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BHP is getting ready for a return to PNG


A study in contrast BHP BILLITON, responsible for the catastrophic environmental damage and consequent human rights tragedy of the Ok Tedi mine, is keen to return to Papua New Guinea.

The giant company is advancing negotiations with landowner groups and the government over several exploration licence applications.

Quintessential Resources managing director, Paige McNeil, recently told the Australian Financial Review that BHP’s applications in PNG total 40,000 square kilometres.

She said BHP applied for 7,500 sq km of land surrounding the Mal porphyry copper prospect in the northwest of Quintessential’s flagship Bismarck project.

While it seems likely that BHP will pursue prospective copper deposits in PNG, the mining giant did not confirm this and downplayed expectations.

The mining industry in PNG was dismayed in June when then Mining Minister John Pundari revealed BHP was applying for tenements.

He also criticised BHP over the environmental damage caused by its operation of the Ok Tedi copper-gold mine.

Since then Mr Pundari has been replaced by Byron Chan.

BHP Billiton divested its 52% stake of Ok Tedi in 2002 and has not returned to PNG since.

Source: Papua New Guinea Mine Watch, 19 September


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Richard Hudson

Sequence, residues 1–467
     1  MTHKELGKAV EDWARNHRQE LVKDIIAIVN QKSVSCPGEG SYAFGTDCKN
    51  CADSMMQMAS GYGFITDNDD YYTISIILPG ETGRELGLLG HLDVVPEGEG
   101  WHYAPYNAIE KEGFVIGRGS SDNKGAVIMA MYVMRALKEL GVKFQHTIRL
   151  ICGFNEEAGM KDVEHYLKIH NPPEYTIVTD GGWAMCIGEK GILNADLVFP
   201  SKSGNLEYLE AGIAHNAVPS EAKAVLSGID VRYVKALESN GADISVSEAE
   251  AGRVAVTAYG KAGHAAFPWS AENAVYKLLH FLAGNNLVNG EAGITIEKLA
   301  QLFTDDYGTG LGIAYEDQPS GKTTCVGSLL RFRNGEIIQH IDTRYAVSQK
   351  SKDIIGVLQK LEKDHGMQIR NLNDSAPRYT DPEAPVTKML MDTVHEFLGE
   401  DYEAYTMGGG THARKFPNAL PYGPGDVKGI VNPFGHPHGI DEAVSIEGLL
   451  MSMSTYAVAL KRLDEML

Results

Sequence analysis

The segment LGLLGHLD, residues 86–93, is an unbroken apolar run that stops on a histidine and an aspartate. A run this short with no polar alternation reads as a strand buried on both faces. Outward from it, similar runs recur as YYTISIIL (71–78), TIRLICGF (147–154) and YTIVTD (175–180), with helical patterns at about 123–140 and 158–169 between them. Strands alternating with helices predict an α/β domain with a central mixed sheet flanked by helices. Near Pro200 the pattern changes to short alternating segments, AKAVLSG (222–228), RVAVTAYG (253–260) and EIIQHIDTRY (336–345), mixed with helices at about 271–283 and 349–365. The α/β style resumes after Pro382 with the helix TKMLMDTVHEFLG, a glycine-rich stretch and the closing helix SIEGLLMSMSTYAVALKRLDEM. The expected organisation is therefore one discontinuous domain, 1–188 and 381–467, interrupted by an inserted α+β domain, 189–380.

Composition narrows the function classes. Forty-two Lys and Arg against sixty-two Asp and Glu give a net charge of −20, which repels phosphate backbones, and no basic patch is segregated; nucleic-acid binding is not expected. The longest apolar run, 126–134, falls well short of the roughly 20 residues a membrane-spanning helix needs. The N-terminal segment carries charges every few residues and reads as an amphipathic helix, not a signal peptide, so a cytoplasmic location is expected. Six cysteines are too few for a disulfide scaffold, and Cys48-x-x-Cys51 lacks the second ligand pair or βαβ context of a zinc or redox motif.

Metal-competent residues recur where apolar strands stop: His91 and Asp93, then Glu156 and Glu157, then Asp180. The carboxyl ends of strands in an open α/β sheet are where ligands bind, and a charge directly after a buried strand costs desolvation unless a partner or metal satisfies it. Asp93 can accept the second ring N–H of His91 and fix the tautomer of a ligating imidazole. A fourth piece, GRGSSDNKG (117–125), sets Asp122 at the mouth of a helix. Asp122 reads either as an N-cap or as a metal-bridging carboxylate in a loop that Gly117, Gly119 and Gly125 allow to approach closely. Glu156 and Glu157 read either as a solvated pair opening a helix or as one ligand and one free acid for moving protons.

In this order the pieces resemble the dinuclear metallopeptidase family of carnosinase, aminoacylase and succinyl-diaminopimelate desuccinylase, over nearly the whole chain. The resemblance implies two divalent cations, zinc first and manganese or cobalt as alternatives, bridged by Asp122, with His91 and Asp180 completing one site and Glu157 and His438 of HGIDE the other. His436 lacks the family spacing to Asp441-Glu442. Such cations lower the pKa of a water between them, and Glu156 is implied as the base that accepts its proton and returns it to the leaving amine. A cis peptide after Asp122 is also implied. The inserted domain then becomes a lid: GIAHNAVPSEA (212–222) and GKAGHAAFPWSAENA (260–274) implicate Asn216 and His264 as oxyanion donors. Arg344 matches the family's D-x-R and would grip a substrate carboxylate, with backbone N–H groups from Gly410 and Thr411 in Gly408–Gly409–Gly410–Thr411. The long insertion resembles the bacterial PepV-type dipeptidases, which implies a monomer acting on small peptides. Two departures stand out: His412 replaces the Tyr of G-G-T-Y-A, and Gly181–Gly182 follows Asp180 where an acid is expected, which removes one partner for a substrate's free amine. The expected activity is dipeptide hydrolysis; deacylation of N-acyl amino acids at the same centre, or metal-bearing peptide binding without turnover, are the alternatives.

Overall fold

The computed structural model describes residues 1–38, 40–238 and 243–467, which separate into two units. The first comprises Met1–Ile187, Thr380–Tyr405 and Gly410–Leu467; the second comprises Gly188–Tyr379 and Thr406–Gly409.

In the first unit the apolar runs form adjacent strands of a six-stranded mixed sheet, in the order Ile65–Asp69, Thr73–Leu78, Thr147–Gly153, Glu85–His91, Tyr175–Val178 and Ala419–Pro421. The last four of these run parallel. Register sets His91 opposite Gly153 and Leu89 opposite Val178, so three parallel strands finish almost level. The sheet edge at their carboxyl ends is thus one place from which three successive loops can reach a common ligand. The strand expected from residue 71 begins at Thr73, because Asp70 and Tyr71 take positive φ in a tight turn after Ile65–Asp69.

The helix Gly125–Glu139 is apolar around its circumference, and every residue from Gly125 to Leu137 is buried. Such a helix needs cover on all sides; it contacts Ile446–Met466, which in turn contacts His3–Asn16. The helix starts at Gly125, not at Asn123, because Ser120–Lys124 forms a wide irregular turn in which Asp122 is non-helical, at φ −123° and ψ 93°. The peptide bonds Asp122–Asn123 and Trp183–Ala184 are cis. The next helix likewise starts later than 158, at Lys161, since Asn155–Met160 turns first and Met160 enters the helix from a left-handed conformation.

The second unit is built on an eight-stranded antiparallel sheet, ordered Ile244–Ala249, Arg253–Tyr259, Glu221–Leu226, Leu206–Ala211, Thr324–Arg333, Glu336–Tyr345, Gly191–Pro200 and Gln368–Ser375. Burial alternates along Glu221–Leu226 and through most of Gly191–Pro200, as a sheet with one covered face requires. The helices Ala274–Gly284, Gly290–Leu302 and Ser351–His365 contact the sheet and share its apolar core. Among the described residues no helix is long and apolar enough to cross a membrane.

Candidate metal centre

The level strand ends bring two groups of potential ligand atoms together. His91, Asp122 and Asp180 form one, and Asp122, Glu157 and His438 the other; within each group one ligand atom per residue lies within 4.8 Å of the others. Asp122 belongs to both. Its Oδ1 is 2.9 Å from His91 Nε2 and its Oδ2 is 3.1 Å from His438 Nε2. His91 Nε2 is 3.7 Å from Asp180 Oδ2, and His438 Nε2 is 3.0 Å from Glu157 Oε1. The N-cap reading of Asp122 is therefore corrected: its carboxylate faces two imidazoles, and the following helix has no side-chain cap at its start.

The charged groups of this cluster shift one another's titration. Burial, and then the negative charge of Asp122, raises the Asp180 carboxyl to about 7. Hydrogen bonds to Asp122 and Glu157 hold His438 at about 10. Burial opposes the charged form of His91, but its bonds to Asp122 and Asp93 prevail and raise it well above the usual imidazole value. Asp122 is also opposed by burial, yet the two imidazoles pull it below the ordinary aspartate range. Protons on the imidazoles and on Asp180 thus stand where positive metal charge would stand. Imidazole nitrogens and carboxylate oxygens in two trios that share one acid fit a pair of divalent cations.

PNG does not need BHP. Refusing BHP is in no way a deterrent to ethical companies.

Phil Fitzpatrick

I'm not sure that PNG needs too many more mines. It is going to be swimming in money from the ones it has already.

Believe it or not, there are communities in PNG who don't want mining in their areas. They see their subsistence lifestyle as ideal for providing all their needs.

BHP may have learned from its mistakes (it is now a signatory to the Extractive Industries Transparency Initiative) but many of the other mining companies currently operating in PNG don't seem to have learned from BHP's mistakes or, for that matter, Bougainville Copper's mistakes.

Richard Hudson

I would have thought that BHP would be very conscious of not repeating past mistakes.

In these troubled financial times PNG should be encouraging rather than discouraging investment capital.

Bapa Bomoteng

I hope the government does not allow this monster to return! See what happened to Ok Tedi when they were around. They have a bad record.

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